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Shales That Burn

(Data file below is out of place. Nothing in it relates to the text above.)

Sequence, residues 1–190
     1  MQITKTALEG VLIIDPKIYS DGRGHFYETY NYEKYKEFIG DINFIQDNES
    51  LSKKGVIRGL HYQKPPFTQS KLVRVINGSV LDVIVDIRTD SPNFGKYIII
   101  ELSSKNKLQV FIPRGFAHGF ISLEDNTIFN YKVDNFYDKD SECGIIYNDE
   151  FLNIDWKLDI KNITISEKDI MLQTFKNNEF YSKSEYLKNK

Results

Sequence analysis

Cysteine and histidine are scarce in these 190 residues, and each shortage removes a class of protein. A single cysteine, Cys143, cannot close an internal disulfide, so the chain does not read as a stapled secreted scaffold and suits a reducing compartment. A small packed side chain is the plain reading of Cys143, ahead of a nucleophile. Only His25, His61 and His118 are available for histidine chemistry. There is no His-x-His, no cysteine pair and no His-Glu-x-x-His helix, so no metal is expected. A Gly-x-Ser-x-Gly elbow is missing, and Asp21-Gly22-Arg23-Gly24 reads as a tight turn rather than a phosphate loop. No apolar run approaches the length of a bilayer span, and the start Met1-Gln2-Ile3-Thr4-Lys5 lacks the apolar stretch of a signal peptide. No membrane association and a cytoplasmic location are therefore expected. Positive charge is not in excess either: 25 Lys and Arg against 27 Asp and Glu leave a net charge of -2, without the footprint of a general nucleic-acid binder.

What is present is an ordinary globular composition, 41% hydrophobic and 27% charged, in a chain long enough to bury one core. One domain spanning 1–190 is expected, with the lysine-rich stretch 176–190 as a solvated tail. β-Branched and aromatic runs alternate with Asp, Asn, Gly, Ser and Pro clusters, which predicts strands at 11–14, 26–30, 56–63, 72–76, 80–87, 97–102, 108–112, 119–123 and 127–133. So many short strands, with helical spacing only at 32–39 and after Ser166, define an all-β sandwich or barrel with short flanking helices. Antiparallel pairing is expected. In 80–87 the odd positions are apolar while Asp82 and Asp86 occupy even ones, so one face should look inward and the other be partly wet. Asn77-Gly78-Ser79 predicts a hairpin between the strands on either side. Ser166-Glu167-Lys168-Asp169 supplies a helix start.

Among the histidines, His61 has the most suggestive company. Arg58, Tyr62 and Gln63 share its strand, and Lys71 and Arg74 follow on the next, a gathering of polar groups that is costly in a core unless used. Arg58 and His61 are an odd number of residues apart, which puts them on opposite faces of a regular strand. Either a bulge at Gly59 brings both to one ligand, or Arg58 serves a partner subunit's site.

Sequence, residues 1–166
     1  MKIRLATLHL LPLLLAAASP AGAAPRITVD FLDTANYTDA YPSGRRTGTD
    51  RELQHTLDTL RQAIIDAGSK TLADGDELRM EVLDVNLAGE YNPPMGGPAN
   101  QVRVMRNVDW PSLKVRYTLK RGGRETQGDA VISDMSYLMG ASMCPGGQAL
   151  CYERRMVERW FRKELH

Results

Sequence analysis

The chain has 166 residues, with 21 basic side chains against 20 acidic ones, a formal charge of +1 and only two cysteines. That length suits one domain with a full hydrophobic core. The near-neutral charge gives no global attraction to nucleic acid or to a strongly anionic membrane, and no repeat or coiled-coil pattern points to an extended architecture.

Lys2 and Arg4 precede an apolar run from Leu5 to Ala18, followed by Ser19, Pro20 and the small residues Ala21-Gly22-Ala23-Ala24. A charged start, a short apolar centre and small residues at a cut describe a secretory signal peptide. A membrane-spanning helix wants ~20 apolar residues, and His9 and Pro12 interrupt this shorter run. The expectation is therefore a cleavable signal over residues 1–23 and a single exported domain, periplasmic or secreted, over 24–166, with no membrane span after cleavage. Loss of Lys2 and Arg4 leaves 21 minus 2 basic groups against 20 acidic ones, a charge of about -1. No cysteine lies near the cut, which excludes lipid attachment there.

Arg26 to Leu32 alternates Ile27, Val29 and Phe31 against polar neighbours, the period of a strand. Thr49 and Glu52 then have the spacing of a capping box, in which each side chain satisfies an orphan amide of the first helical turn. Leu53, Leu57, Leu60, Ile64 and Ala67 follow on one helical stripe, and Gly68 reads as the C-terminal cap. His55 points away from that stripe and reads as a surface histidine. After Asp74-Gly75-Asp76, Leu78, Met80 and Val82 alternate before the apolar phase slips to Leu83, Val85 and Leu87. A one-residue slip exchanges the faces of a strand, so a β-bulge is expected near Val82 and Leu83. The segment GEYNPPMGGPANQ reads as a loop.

The exploitation of shale oil and gas resources has expanded exponentially in recent years with the benefit of technological advances in drilling and completion practices, converting non-commercial low-permeability rocks into major producing reservoirs. The hydrocarbon-bearing character and source-rock potential of many of these shales has been known for decades, as millions of historical wells have drilled through them in the search for conventional reservoirs in stratigraphic proximity. Long before the drilling industry provided access to these shales under subsurface pressurized conditions, the outcrop versions of many of them had been studied and occasionally utilized along the basin margins, in some cases for a century or more. Reference to bituminous shale was common in geological studies from the 19th century. Although organic content was rarely analyzed in the pre-Drake era, shales with a high bituminous level were recognized from physical characteristics such as color and texture, and occasionally an associated oil or gas seep. The richest of the bituminous shales were identified by a unique property, the ability to burn and maintain a flame without any other fuel source. Geological and exploratory parties that encountered burning shales would commonly mention them in their reports because of their unusual properties, plus the hope that they could be indicative of proximity to coal deposits, a common objective for governmental surveys. By the time the 1859 Drake Well was drilled, inflammable shales ranging in age from Pennsylvanian to Ordovician had been documented in North America, with locations in at least 12 U. S. States and 4 Canadian Provinces. Based on this available information, if the modern shale plays had been described to a 19th century geologist, the choice of target formations such as the Marcellus and Utica would not have been a surprise.